Home & Leisure



Ask the Builder: The secrets to staying cool in the summer and warm in the winter

Tim Carter, Tribune Content Agency on

My days have been getting busier and busier doing troubleshooting and coaching calls with homeowners just like you. Are you suffering from the heat and humidity like the young man I talked with in Chicago last week? If so, you’ll enjoy the following story. If you’re getting ready to build a new home that will have central air conditioning or heating, I suggest you pay attention.

Allow me to share some context. I grew up in a solid masonry two-bedroom house in Cincinnati. It had single pane casement windows with no weatherstripping. I believe there were only two heating ducts on the first floor and maybe three up on the second floor. There was a large register cover in the floor at the base of the steps that led to the second floor. This is how air got back to the furnace.

The winters could be cold. When the forced-air furnace ignited, I’d lay on the floor in the living room with my stocking feet over the register that was blowing hot air into the room. The metal register cover got so hot I had to move my feet from time to time. The house was comfortable in the winter, but the central air conditioning couldn’t make the second floor as cool as the first floor.

The young man I spoke with a few weeks ago had the exact same issue in an old frame Victorian house in Chicago. He rents it out, and his tenants were complaining about how the second and third floor of the house were not as cool as the first floor.

I asked the owner several questions and discovered immediately why his tenants were uncomfortable. The ducts that supplied the heat and cooling were set up much like my childhood home. It was a hot mess (no pun intended). Too little cold air was being sent to the upper floors. To make matters worse, there were no return ducts high on the walls of each room. These ducts vacuum the hot air and send it back to the air handler to be cooled.

Heating and cooling (HVAC) systems are very complex. How complex? Think about the vascular system in your own body. Each time your heart pumps, it sends a pulse of oxygenated blood out to all points of your body. At the same instant, the same amount of blood is returned that needs to be re-oxygenated. This is exactly how your HVAC system should be designed.

Each room of your house needs a certain amount of hot or cold air to maintain a comfortable temperature. These complex calculations need to be done to figure out how many ducts should be in a room and their size.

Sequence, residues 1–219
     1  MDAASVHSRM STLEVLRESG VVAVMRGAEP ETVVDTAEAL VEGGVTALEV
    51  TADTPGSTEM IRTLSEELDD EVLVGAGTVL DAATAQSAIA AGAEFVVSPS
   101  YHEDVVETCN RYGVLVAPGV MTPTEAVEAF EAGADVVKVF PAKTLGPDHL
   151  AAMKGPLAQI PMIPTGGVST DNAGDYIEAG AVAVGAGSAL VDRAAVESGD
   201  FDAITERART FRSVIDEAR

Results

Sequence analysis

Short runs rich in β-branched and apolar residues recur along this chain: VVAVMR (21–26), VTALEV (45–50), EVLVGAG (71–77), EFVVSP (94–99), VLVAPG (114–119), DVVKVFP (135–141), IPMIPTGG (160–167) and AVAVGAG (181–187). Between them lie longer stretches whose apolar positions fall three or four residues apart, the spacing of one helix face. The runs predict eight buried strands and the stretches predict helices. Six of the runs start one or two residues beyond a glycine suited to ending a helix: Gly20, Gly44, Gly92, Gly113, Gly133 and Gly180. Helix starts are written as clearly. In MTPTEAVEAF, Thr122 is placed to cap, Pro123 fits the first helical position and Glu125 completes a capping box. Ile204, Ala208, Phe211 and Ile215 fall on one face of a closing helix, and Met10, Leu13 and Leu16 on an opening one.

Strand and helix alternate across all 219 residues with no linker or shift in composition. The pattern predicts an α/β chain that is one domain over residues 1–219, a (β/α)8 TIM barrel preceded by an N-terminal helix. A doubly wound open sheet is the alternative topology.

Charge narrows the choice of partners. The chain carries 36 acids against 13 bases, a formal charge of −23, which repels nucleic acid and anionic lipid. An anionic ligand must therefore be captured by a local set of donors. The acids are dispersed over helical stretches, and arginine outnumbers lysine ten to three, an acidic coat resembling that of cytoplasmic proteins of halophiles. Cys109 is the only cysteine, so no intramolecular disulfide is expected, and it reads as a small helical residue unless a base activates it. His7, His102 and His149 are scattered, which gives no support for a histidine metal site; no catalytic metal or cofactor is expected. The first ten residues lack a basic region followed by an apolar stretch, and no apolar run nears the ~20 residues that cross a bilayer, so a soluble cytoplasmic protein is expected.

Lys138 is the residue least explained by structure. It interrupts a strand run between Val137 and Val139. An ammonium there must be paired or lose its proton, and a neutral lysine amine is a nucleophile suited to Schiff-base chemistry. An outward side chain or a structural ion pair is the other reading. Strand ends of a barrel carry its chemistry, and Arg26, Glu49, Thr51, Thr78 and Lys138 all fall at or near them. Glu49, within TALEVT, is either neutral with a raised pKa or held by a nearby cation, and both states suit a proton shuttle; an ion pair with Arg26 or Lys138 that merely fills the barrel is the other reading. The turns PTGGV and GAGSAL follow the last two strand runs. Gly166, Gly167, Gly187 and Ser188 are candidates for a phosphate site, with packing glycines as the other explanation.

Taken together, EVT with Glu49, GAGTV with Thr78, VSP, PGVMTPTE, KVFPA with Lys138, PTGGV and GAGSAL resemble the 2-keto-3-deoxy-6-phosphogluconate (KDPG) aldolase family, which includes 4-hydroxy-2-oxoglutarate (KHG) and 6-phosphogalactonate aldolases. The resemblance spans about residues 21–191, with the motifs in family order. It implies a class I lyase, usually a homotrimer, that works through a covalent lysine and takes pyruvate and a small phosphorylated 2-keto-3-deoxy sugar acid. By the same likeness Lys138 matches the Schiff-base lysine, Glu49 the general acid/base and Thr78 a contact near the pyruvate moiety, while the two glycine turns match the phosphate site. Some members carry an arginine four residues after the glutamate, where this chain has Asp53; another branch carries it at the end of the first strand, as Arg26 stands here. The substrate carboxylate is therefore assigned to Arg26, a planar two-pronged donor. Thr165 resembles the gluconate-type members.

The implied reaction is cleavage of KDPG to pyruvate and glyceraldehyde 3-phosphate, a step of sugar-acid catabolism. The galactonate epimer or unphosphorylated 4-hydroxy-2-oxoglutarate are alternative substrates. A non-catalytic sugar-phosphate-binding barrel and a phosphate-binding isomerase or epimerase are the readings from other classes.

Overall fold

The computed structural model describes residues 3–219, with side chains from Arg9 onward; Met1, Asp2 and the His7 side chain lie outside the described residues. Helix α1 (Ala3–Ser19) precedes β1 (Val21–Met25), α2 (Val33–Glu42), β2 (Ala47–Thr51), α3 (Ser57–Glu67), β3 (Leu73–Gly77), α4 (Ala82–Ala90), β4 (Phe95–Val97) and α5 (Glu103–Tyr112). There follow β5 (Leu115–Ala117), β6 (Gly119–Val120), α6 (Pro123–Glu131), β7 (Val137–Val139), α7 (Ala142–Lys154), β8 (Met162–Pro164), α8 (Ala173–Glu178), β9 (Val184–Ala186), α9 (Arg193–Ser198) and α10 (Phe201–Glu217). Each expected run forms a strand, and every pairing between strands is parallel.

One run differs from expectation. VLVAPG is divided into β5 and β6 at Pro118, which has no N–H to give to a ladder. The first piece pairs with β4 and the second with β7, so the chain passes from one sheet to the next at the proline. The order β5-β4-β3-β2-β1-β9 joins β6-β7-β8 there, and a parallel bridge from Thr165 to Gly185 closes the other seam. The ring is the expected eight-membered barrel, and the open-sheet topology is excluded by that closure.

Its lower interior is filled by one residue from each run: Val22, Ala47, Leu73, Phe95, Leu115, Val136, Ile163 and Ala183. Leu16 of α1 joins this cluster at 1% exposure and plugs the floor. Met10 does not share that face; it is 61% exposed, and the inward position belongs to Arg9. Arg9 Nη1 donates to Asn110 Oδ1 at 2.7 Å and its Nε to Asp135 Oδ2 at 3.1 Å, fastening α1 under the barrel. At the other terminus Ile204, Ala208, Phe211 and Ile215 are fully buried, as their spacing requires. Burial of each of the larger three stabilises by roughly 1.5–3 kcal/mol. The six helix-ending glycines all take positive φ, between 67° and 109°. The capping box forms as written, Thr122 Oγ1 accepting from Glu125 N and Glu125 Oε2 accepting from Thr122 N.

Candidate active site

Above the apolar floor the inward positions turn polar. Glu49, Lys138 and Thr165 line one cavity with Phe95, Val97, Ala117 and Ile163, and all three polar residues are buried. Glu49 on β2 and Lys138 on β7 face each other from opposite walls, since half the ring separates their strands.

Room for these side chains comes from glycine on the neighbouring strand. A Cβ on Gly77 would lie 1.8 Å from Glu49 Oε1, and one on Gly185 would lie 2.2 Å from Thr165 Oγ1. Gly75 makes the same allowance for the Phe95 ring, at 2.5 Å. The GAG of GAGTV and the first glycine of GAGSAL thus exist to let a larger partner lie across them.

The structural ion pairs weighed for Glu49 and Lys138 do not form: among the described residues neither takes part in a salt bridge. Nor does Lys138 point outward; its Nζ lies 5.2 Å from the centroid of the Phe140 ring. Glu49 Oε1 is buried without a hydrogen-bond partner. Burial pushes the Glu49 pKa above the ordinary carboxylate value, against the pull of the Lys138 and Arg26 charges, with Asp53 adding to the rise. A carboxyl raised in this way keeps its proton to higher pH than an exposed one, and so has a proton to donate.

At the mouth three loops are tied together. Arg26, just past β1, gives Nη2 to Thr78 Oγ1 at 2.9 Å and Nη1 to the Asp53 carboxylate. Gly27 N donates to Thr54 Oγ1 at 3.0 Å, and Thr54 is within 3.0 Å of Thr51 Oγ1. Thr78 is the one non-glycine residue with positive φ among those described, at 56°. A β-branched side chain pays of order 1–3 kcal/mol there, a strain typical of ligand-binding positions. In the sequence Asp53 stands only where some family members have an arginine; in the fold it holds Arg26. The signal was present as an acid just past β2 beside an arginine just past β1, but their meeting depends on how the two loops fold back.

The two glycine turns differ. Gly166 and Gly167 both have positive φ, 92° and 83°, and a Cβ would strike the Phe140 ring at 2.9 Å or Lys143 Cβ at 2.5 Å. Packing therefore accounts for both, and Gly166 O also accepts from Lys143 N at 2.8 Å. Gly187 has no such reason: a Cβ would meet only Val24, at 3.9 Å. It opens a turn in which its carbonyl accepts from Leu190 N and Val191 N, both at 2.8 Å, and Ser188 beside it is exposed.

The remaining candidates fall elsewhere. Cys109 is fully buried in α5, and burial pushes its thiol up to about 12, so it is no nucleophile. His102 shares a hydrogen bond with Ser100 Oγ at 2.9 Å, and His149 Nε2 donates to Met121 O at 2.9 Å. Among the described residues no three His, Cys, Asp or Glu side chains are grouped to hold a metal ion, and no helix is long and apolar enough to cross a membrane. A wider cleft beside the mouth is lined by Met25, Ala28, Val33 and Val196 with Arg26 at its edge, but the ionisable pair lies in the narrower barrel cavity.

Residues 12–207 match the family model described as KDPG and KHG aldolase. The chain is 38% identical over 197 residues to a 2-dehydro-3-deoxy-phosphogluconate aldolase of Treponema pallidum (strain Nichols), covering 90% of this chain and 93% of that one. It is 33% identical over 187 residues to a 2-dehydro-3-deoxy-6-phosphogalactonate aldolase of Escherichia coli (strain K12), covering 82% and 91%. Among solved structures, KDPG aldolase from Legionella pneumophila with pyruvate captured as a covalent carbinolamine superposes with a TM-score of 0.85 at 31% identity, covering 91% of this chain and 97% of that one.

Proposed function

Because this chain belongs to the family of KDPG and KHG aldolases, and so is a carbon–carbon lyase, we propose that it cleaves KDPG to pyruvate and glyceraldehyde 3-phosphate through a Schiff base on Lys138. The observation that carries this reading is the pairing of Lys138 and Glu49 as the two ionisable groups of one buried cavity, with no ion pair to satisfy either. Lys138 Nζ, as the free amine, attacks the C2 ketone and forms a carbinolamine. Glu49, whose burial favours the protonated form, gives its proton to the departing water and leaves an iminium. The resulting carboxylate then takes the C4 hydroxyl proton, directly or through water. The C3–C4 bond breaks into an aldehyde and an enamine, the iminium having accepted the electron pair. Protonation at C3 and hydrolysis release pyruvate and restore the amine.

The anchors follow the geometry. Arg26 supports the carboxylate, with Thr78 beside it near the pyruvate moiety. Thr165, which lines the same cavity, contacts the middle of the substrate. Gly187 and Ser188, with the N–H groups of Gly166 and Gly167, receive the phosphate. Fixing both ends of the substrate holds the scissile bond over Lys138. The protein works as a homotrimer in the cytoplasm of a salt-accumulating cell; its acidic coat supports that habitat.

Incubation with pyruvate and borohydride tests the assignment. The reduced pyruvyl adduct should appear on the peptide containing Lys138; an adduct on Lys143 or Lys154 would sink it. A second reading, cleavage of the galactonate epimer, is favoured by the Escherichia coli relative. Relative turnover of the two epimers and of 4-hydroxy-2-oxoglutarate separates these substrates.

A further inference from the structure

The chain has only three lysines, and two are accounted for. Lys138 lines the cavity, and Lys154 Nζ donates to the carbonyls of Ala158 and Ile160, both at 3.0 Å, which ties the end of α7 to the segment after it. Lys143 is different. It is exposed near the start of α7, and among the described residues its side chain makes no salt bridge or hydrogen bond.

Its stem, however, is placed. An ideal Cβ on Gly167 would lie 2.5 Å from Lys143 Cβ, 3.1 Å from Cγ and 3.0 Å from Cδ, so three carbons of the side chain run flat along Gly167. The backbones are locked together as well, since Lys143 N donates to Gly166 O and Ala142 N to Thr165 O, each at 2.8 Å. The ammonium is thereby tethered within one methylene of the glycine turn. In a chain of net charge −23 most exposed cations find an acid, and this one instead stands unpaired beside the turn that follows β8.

It’s best to put supply registers on outside walls. These are the walls that are under attack from the heat and cold outdoors. The return air duct needs to be across the room on an interior wall. This allows the heated or cooled air to be pulled across your body as you’re in the room.

It gets even more complex and this is the cause of much angst with tens of thousands of homeowners like you. The supply duct system in your home needs to once again mimic the blood vessels in your body. The size of your aorta as it leaves your heart is huge compared to the tiny supply blood vessels in your fingers or toes.

Mother Nature designed our bodies so the blood pressure is equal everywhere in all the vessels. It maintains this pressure by making sure the vessels get smaller and smaller the farther away they are from your heart.


The supply duct system in your home needs to do the same thing so the static pressure of the air coming out of each duct in any room is nearly identical. Do you have a house where the farthest room from the furnace has just a tiny puff of air coming out of the register? I’m sure the supply ducts were not reduced in size properly and they’re too big.

Let’s get back to my Chicago homeowner who was on the consultation phone call. I gave him great news that a few companies specialize in retrofitting older homes with high-velocity flexible supply ducts that can be snaked up walls and across ceilings.

These systems can supply the exact amount of hot or cold air to each room, ensuring the entire house is the same temperature. Don’t forget: To make the magic happen, you need to ensure air is being sucked out of each room that can get back to the furnace or air conditioner.

I know what you’re thinking. “Tim, what about just using a mini-split system? These are really being pushed hard by many HVAC installers.”

Allow me to share my feelings about them.

Four years ago I was helping build my daughter’s new home in Bar Harbor, Maine. They rented a brand-new apartment equipped with a mini-split system. The apartment was open concept, with the kitchen, dining and living room in one huge space. My bedroom was on an outside corner wall. It got so cold at night in my bedroom that there was frost on the windows! The door was closed and no heated air could get into the room.

Subscribe to Tim’s FREE newsletter at AsktheBuilder.com. Tim offers phone coaching calls if you get stuck during a DIY job. Go here: go.askthebuilder.com/coaching

©2024 Tim Carter. Distributed by Tribune Content Agency, LLC.



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